Better Half

I am a twin. None but my parents know this about me. My family doesn’t discuss it, and I rarely have any cause to bring it up myself. I was born first, then my brother. His passage into the world, however, was barred by some cruel obstruction. I do not know the exact details of the matter. In any case, the doctor’s clumsy hands failed the recovery effort, and my brother died. It was a complicated thing for my parents to reckon, being blessed with one child and losing another in the same stroke. Too complicated, in fact. They ended up taking solace in revisionism, and my poor baby brother was stricken from the family record. Perhaps in the fullness of time they have actually come to forget about him. I cannot say for sure.

He hasn’t left me, though. The bond between twins is a strong one, and he has always been with me. My eyes and ears have given him windows into life, and through them he has grown alongside me. We learned to read and write together, to talk. Through my senses he could experience an education. We have been two beings nurtured in one place and time. And yet, we are different. My mind is that of a living man, and his, if it can even be called a mind, possesses the wisdom of the dead, the great hindsight of all who have failed and fallen. He is emancipated from the concerns of the body and all things physical. Having died at the first moment of lfie, all the falsehoods and stupidities of the mortal world passed him by. He is a will within me separate to my own that has never known error, a voice of perfect moral and intellectual reason.

This is no great advantage to me – it is a curse, and a tortuous one at that. It is still my baseless, fallible whims that put guidance to our vessel. My ignorance and naïveté still shackle my judgement, even though I hear the cries from the other side, telling me my errors with every act. All who live are prisoners to their own fallibility, but I, perhaps alone, am condemned to be able to see just how dark and squalid a dungeon that is. Even as I write this, I can feel my brother’s cold hands putting the same thoughts to words with far greater artistry and articulation. I can see in this way the perfected form of all that I do, the perfect course through each challenge that I face. But there is a river between our wills that cannot be forded, and no matter how I struggle against it, how I yearn to follow the great wisdom of the infant dead, my own errors and sins have the final say. It is they who pull the strings, they who give the sinews motion.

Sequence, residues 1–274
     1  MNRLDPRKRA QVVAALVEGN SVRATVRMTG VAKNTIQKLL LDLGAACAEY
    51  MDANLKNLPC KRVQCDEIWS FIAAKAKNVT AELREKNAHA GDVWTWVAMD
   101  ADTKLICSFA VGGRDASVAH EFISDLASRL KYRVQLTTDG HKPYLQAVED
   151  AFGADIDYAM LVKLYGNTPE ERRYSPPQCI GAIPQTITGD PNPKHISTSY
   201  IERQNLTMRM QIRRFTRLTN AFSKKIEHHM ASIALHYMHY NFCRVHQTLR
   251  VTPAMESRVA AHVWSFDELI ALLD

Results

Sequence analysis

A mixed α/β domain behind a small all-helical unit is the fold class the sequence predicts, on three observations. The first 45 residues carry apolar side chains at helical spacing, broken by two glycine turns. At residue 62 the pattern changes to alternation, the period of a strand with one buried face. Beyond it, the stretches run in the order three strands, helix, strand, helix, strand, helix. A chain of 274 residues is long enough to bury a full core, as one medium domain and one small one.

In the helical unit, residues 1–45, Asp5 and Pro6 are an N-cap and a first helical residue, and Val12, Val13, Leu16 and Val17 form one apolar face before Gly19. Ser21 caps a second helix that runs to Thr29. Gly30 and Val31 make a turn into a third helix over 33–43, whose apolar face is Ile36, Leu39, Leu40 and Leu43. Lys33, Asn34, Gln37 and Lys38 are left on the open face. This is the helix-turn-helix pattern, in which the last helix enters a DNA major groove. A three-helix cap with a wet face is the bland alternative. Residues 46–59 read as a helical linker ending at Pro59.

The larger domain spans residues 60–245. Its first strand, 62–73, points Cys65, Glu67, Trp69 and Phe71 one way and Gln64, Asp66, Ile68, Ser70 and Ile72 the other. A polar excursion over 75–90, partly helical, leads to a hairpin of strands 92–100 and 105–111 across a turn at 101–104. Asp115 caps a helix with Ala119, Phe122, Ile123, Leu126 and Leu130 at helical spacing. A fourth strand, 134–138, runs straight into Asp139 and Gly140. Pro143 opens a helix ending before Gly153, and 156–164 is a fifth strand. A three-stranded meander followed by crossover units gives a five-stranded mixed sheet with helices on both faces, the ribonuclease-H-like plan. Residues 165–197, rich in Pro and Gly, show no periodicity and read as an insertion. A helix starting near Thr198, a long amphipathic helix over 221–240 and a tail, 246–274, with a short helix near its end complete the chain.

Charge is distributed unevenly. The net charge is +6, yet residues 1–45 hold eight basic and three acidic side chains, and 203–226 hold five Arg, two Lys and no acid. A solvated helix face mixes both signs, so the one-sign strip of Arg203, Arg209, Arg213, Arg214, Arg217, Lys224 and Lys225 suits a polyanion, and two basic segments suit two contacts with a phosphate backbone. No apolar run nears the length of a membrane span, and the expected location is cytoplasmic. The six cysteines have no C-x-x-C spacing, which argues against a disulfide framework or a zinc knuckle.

I am powerless. My brother’s eyes see every coming misfortune, and yet I walk towards each one, unable even to protect myself against what pains I know I will suffer. Each moment is filled with a dread that cannot be quashed – it cannot even be expressed or acknowledged. It is the weight I must bear for wisdom upon which I cannot act. When I fail, I am aware of the steps that would have taken me to success. When I succeed, I am aware of the steps that I will soon be walking to failure, even should that path be months or years in the travelling. You cannot know the anguish of dedicating yourself in full to works that will never see fruition, to loves that will end only in dejection, in full awareness that all does not end well. An infant might burn itself, not knowing the dangers of an ember. My life is that of a grown adult who sits before the fireplace, constantly gripping on hot coals with all my strength though I know that I will suffer harshly and gain nothing.

I am damned too to know that the torment is not mine alone. Already in the slow death-march of time, I have heard my brother’s voice turn from one of passivity, to surprise, to anguish and frustration as I misguide our shell away from the light of proper judgement and facility. I fear that he will come to scorn me, to loath the failed and wretched thing that tethers him to a world full of such failed and wretched things, when he is half-submerged in more pleasant waters.

But onward I must trudge, hoping only beyond hope that I might be the beneficiary of some great stroke of fortune that none could foresee, or that my days of hardship might be ended before their time by some equally unknowable calamity. Blessed is the blindness that hides our ugliness, and blessed too is the ignorance that clouds the path ahead. A human’s eyes are at their best half-shut and bleary. Wakefulness is too great a burden for so flawed a beast.

The Lovers 2, 1928 by Rene Magritte

The End

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